Art Paris – Why China is so important for the art market

[18 Mar 2014]


The 14th edition of Art Paris will be held under the dome of the Grand Palais in Paris from 27 to 30 March 2014. The fair’s organiser since 2011, Guillaume Piens, is proud to have attracted more than 53,000 visitors to the 2013 edition, which makes Art Paris one of the most frequented Contemporary Art fairs in Europe. This year, the fair celebrates 50 years of relations between France and China with 140 galleries (from 20 countries) of which 10 are from Beijing, Shanghai and Hong Kong. In total the works of 90 Modern and Contemporary Chinese artists will be presented with a total of 12 Chinese galleries present at the fair: 10 Chancery Lane Gallery (Hong Kong), Art Lexïng, (Miami), Beautiful Assert Art Project (Beijing), Blindspot Gallery (Hong Kong), Hua Gallery (London), ifa Gallery (Brussels /Shanghai), Island6, (Shanghai), Jiali Gallery, (Beijing), M97 Gallery, (Shanghai), ON/galley, (Beijing), Bridge Gallery, (Shanghai), Xin Dong Cheng Gallery, (Beijing)).

From the Armory Show in New York (which has just finished) to Art Paris, China is today unavoidable for the art market. In 2013, for the fourth consecutive year, China represented the largest slice of the global art auction market, ahead of the United States, with a total annual auction turnover from artworks of $4.1 billion in 2013 (excluding fees). China posted stronger sales than the global market’s nerve centre in New York and, above all, a growth rate +21 % compared with 2012, despite forecasts of a serious meltdown of the Chinese market. Of course, some Chinese artists’ price indices remain very locally driven; but they are subject to a high level of demand that is both lively and speculative. This is true of QI Baishi, HUANG Zhou, LI Xiongcai, TANG Yin and ZHANG Daqian whose works are rarely put up for sale outside China. However, many Chinese artists have enjoyed international success, having lived outside China and particularly in France. They are emblematic of a cross-cultural approach to creation and enjoy strong demand both in the East and in the West. Indeed, France’s art scene is clearly marked by a number of important Chinese artists whose works are collected both in Europe and in China: the abstract paintings of ZAO Wou-Ki and CHU Teh-Chun are one example. But there are also the works of WANG Keping, founder of the famous “groupe des étoiles”, of GAO Xingjian, a painter and winner of the Nobel Prize for Literature (and to whom the Claude Bernard Gallery is devoting its stand at Art Paris) and LIU Bolin, whose monumental Iron fist sculpture will be installed at the entrance of the Grand Palais (produced by the Paris – Beijing Gallery). In effect, demand for the abstract masters has substantially intensified in recent years. Their works have now become safe investments, so much so that in 2013 Zao Wou -Ki joined, for the first time ever, the Top 10 global artists ranked by auction turnover with a annual total of $139.5 million (excluding fees). This total put him in 9th place behind Roy Lichtenstein but ahead of Claude Monet! Zao’s paintings generated no less than 36 results above the million-dollar line in 2013, including four ranging between $7.9 million and $12.4 million, hammered between Hong Kong and Beijing (Oct-Dec 2013).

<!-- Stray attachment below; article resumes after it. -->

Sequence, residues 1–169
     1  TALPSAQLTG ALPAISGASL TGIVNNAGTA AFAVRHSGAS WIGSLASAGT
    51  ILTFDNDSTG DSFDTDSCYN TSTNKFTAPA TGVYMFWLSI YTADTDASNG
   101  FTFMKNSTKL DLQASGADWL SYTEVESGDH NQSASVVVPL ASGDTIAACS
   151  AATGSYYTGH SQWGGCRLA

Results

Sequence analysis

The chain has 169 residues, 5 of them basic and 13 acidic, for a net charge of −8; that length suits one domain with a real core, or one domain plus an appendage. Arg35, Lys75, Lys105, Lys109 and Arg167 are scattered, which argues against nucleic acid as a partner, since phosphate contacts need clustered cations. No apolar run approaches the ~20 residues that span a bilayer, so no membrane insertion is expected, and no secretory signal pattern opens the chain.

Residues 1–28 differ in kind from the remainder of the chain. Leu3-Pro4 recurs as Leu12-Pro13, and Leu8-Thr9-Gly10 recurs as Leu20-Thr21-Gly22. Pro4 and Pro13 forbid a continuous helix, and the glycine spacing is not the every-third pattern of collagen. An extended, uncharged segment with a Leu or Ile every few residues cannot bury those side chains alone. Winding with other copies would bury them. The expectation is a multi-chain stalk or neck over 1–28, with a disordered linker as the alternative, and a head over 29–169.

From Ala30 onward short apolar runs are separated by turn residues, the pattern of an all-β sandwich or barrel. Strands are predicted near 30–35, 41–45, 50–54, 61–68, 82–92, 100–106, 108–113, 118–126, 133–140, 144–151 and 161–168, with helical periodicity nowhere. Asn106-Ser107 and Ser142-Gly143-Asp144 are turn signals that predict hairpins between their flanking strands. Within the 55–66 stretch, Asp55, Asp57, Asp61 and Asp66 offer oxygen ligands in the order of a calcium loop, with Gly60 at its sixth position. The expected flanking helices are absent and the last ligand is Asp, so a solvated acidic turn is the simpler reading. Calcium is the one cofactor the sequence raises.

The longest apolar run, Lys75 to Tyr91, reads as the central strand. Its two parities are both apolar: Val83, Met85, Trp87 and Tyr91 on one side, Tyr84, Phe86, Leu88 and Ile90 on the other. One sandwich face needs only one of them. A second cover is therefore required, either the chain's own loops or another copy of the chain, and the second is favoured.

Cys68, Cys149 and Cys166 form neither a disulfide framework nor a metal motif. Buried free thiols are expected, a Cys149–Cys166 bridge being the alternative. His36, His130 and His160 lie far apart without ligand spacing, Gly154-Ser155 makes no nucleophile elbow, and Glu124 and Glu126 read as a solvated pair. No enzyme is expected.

In reality, the scope and scale of the Chinese art market is so large that it inevitably finds a strong echo in the West, and hence it is quite logical for a Contemporary art fair such as Art Paris to focus on this dynamic. In purely financial terms, the Chinese art market is substantially more up-market than the French market. In fact, artworks sold in China are generally more expensive than anywhere else in the world, with 45% of lots sold between $5,000 and 50,000 and 17% between $50,000 and 1 million, and recent Chinese creations take a faster track to outstanding price levels than anywhere else in the world. The most obvious example is that of ZENG Fanzhi, the only artist with a work created during the 2000s in the Top 50 auction results for the year 2013. His The Last Supper (2001) fetched $20.64 million on 5 October 2013 at Sotheby’s in Hong Kong.

Nevertheless, Art Paris’s selection of galleries and artists’ works is oriented towards a broader range of collectors with expensive artists being exhibited alongside “discoveries”. Naturally, an art fair can highlight established and recognised artists whilst simultaneously focusing on new and upcoming prospects: Art Paris has therefore, once again, opened its Promesses section to relatively new galleries.